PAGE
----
Herbal Extract of Traditional Medicine Works to Ease Lung Inflammation and Fibrosis, Early Study Reports

Ana Pena, PhD avatar

by Ana Pena, PhD |

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A herbal extract derived from a product used in Korean traditional medicine may be a potential alternative treatment for idiopathic pulmonary fibrosis (IPF), a mouse study suggests.

The herbal extract was found to reduce inflammation and markers of lung fibrosis in a mouse model of PF and in lung fibroblasts collected from patients.

The study, “A standardized herbal extract PM014 ameliorates pulmonary fibrosis by suppressing the TGF-β1 pathway,” was published in the journal Scientific Reports.

Esbriet (pirfenidone, marketed by Genentech) and Ofev (nintedanib, marketed by Boehringer Ingelheim) are two FDA-approved therapies for IPF that can delay lung function decline.

“Unfortunately, these drugs have some serious potential side effects and neither of these drugs have been found to effectively reverse lung fibrosis,” the researchers wrote, emphasizing the need to develop new IPF therapies.

PM014 is a novel herb extract made from seven plant species and derived from Chung-Sang-Bo-Ha-Tang (CSBHT), an herbal product used for treating lung disorders in traditional Korean medicine.

Prior studies reported that the extract is able to ease inflammation in mouse models of chronic lung diseases, including chronic obstructive pulmonary disease (COPD) and asthma.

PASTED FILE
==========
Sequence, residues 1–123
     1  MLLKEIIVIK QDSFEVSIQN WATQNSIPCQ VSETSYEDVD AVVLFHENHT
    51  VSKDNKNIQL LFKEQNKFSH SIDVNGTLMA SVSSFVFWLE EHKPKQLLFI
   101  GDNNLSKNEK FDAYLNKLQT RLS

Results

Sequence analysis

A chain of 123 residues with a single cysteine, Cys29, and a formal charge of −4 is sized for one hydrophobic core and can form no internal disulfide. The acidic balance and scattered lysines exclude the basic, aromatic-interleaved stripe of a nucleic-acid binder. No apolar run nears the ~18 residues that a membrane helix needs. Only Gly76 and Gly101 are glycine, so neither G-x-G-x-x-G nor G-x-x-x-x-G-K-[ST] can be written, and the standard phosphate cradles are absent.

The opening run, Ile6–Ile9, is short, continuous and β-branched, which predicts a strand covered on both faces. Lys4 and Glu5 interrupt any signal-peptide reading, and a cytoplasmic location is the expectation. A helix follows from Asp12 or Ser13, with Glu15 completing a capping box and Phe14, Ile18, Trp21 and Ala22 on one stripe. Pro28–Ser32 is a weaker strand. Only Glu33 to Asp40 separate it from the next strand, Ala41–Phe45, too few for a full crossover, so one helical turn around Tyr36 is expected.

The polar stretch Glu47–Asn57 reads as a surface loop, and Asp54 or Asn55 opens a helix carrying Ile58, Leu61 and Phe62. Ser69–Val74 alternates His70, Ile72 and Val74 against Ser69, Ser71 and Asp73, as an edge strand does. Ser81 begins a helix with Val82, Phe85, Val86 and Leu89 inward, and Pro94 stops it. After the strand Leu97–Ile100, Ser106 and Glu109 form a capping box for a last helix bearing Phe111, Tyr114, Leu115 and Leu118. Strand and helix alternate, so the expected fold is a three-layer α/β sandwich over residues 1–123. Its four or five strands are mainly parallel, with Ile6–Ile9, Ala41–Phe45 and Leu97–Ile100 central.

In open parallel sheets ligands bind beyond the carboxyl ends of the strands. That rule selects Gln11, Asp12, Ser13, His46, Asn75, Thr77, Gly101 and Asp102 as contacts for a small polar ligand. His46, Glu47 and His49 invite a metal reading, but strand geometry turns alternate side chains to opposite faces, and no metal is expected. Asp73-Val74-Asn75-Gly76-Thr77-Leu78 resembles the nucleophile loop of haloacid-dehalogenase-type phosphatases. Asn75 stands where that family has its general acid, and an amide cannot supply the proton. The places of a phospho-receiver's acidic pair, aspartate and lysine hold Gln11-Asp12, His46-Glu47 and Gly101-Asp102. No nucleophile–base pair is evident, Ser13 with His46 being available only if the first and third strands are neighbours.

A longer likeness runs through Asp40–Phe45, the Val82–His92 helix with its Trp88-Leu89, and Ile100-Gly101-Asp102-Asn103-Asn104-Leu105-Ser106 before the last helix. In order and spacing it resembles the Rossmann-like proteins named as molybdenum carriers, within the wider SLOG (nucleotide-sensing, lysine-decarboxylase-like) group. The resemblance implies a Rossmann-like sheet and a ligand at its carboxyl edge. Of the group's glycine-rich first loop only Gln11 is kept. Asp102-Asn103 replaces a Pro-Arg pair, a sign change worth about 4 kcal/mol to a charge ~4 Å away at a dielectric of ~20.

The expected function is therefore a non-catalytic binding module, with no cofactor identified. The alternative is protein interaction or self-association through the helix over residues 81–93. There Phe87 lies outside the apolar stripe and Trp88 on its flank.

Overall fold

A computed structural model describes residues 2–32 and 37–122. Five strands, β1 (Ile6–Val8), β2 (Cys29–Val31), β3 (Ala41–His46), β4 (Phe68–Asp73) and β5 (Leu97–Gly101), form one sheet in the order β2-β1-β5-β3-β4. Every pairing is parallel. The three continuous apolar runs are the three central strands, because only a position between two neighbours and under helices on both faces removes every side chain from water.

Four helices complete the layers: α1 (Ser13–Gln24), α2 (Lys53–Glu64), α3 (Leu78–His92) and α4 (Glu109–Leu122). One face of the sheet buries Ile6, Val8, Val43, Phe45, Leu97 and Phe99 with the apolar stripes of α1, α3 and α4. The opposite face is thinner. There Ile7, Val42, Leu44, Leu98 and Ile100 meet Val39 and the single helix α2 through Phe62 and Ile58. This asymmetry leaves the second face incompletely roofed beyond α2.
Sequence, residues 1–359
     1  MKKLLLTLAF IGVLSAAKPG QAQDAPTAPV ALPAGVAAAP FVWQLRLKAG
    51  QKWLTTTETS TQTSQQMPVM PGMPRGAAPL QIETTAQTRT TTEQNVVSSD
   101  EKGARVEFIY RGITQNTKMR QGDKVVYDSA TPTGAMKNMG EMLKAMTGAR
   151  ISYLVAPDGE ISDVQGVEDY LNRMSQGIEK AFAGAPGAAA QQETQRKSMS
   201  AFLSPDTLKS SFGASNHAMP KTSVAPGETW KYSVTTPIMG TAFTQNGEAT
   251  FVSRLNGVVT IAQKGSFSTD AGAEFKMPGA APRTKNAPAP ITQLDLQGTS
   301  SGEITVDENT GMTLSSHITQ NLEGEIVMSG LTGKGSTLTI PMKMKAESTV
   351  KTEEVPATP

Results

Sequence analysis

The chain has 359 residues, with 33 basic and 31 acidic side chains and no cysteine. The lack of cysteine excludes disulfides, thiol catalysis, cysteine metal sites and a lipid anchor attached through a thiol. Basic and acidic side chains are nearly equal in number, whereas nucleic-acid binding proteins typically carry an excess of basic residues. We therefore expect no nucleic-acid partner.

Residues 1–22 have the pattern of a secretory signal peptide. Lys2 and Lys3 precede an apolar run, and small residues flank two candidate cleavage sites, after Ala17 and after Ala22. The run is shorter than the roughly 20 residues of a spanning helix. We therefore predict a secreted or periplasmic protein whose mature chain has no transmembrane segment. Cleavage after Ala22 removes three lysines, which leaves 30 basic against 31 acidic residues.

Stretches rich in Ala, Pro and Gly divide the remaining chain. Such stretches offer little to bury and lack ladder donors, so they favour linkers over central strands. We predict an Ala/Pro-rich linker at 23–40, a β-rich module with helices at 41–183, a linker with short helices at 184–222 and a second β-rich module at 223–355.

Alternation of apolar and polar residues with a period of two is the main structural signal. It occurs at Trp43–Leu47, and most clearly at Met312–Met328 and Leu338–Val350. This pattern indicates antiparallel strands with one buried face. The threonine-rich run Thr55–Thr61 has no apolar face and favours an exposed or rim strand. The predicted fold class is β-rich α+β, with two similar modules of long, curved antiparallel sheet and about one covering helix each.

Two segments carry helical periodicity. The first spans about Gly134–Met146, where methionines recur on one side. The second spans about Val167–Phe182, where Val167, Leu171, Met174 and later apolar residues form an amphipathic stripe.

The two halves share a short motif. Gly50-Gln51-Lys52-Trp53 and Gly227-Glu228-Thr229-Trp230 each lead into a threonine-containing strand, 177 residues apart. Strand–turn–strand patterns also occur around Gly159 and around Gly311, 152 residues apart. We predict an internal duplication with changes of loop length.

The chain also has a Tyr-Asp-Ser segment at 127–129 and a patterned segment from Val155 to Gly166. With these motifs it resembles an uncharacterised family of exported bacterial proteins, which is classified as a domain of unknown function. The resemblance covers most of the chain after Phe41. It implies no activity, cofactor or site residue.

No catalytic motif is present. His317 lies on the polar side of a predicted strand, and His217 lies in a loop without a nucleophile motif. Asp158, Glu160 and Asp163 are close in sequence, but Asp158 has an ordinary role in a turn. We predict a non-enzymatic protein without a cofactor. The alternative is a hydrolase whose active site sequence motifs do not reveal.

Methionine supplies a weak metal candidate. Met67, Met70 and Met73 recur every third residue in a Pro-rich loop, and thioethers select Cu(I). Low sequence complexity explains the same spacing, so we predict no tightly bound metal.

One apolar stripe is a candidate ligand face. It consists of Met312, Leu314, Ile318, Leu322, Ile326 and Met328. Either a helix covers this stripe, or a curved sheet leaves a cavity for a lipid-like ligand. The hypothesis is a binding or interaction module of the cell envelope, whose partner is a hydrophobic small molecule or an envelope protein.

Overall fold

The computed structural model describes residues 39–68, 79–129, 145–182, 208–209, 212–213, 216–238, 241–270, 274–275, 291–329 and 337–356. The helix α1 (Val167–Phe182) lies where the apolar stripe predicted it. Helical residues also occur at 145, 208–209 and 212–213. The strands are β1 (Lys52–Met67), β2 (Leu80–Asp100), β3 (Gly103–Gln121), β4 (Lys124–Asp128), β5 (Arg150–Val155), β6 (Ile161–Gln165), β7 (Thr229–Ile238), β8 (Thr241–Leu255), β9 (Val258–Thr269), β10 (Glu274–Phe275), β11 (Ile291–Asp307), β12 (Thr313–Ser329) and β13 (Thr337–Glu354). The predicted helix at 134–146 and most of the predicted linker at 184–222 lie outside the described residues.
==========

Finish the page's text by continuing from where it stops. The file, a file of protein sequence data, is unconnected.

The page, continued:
A team led by researchers at the College of Korean Medicine, Kyung Hee University, in South Korea, investigated if PM014 could be of benefit to IPF. The team tested if the herbal extract could ease disease signs in a mouse model of bleomycin-induced PF, a widely used experimental model of the disease.

Results showed that oral, daily administration of PM014 after lung fibrosis onset suppressed inflammation and eased lung scarring (fibrosis) in a dose-dependent manner in the animals.

The treatment reduced the amount of inflammatory cells reaching the lungs, and lowered production of pro-inflammatory mediators, including transforming growth factor (TGF)-β1, “one of the most potent inducers of fibrosis,” the researchers wrote.

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Importantly, the team also looked at the changes PM104 induced on lab cultures of lung epithelial cells and fibroblast cells taken from healthy donors and IPF patients.

Results showed that PM014 prevented cells from undergoing alterations crucial to the development of fibrotic lesions in the lungs, namely epithelial-mesenchymal transition (EMT). During this process, epithelial cells transform into migratory or invasive mesenchymal cells; these cell, in turn, release proteins like collagen, which lead to the hardening and scarring of tissues.

Of note, PM014 inhibited the activation of lung fibroblasts from IPF donors, blocking their ability to migrate and produce collagen.

Data from this work suggest that “PM014 administration exerts a protective effect against lung fibrosis and highlight PM014 as a viable treatment option that may bring benefits to patients with IPF,” the team concluded.

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